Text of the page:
Once an idea pops into my head, and I’ve researched it enough to get a handle on it, I sit down and decide where in the story I’m going to begin. As you’ve probably been taught by English teachers since grammar school, you need to start your writing with a hook.
It’s the same in novel writing. If you try and do a lot of back story, it becomes a snooze fest, and the reader puts your book aside. If you start too far into the action, you’re in danger of losing your reader. If they can’t make heads or tails of what’s going on, they’ll move on to a more-easy-to-visualize book. It’s a delicate balance.
In all romance novels, that hook is called the “meet-cute,” the moment when hero and heroine first meet. It needs to be fresh, inventive, and draw in the reader. And cute. How many romance novels are out there? A billion, at least? It gets increasingly difficult to make the “meet-cute” fresh and inventive.
Today my example book is the one I recently turned in to my editor, entitled Protecting the Nanny. It’s due out (tentatively) on Valentine’s Day, 2018. It’s about a woman who, unknowingly, works as a nanny to a boy whose father works for a Mexican drug cartel, and the DEA agent sent to investigate her.
What the heck? One minute she was attempting to block out thoughts of her past, as well as the beach beefcake, and the next she was seeing stars. That frigging volleyball had bounced off her head! Tossing her sketchbook and pencil aside, Kate jumped up, blinking tears of pain from her eyes and rubbing the crown of her head. With so few people on the beach, it stood to reason that the ball would find her. She’d been a target for balls and Frisbees all her life. Not much had changed, except the pain. What was it filled with? Lead?
“I am so sorry.”
It was the volleyball jock with the penetrating gaze and mouth-watering chest. Up close he was even better looking. Short-cropped, light brown hair that curled at the ends, a face covered with a hint of blonde stubble, and those green eyes that now sparkled with sheepish humor. And that chest that looked sculpted from marble, yet warm and touchable.
Flexing her fingers to keep from reaching out to touch his sun-kissed skin, Kate bent and grabbed up the ball, resting it against her hip with her arm. The guy’s eyes followed her movements, then traveled up her bikini-clad body to meet her gaze. Tingles erupted over her skin as if he’d caressed her.
Once I have the meet-cute, I usually come out of the gate like a sprinter. I have a picture in my head of how I want the scene to progress, and I write feverishly. After all, I’ve done my research, and I’ve made my character list and plot line, so I’m pretty familiar with my story, at least with the first few chapters. I usually write down every event I want to happen in the current chapter, and then I start addressing those ideas in my writing. If the chapter gets too long (I like to keep mine at about 3500 words), I take the extra scenes and plan them for the next chapter.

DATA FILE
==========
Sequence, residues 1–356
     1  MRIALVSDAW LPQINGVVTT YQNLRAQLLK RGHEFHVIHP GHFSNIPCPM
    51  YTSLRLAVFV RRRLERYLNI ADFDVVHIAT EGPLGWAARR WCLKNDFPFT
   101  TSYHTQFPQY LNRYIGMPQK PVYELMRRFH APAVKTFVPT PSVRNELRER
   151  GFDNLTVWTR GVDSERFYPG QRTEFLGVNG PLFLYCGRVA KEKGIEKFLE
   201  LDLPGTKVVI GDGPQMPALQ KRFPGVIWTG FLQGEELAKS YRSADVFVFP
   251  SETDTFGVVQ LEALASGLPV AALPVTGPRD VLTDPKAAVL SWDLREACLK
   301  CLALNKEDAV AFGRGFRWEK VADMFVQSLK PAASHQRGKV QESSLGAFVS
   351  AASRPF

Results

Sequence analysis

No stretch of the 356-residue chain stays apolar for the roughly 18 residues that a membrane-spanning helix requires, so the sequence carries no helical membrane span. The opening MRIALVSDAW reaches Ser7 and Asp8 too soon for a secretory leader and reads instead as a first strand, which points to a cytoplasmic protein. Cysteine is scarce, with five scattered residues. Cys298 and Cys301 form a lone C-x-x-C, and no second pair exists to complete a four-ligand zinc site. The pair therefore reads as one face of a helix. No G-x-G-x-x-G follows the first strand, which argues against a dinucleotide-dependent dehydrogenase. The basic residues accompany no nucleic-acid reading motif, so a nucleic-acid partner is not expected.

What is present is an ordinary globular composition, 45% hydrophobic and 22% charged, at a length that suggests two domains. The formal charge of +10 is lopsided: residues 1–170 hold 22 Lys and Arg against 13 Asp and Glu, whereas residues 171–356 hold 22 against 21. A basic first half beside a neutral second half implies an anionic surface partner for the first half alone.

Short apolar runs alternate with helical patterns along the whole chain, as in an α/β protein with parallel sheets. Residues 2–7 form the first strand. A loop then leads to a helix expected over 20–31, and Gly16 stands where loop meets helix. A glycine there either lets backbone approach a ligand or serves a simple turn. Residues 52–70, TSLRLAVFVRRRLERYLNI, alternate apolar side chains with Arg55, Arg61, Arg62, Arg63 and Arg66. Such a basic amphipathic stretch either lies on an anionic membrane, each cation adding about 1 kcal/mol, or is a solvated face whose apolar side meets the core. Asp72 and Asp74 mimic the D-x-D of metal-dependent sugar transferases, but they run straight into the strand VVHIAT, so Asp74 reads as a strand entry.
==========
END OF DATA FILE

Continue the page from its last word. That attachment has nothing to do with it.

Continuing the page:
Along with setting the meet-cute to the screen, I also must decide whose point of view I want to write from: the heroine’s, or the hero’s. I like to switch from one POV to the other in a chapter, so I decide from which character’s I will start. A writer finds out fast which POV will work; it’s easy. If the writing becomes stilted and difficult, you’re writing from the wrong character’s POV. So, then you have to rewrite the scene from the other character’s POV. Time-consuming, but it goes so much easier once you’ve decided. Halfway through the chapter, I switch POVs. Readers seem to really like the dual POV.
I used to try to write in the mornings, because it was quieter around the house. But I’ve found that the mornings are best for marketing and promotion. Being in the Pacific Time Zone, if I want anyone east of me to see my posts, I must get them out early. So, now I do all my social media in the morning. And when the afternoon rolls around, I sit at my desk, put on some favorite instrumental CD music, and write.
My first draft is written any way I can get the picture in my mind on to the screen. I don’t worry about proper vocabulary, or repetitive words. It’s almost like the old “Dick and Jane” books I learned to read on. For example: Kate jumped up and grabbed the volleyball. She glared at the volleyball jock. He gave her a sexy once over with his really green eyes. See? It doesn’t sound very good, does it? However, I’ve gotten the gist of the idea written down so I won’t forget it.
I’m going to end here, and we’ll definitely have to have a Part 2 to this topic. In it I will address what happens when I hit a snag, i.e., Writer’s Block. See you next time!
Let me know what you think, so far. I love hearing from readers, and other authors.